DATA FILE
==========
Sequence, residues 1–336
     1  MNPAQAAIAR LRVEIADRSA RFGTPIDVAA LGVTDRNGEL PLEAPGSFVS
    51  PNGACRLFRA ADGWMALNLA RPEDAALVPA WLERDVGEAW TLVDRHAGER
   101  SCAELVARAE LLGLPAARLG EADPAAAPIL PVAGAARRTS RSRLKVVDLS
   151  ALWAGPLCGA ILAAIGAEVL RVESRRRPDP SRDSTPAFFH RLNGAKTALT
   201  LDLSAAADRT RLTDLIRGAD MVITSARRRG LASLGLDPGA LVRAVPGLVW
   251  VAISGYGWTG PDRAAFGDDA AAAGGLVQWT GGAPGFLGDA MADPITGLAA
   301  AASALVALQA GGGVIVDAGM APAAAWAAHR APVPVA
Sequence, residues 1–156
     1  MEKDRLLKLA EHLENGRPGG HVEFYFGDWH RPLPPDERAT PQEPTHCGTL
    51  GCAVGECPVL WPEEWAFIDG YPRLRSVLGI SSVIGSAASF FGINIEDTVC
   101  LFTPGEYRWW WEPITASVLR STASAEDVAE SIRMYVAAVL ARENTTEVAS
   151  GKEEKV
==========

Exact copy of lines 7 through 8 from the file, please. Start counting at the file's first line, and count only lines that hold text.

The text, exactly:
   251  VAISGYGWTG PDRAAFGDDA AAAGGLVQWT GGAPGFLGDA MADPITGLAA
   301  AASALVALQA GGGVIVDAGM APAAAWAAHR APVPVA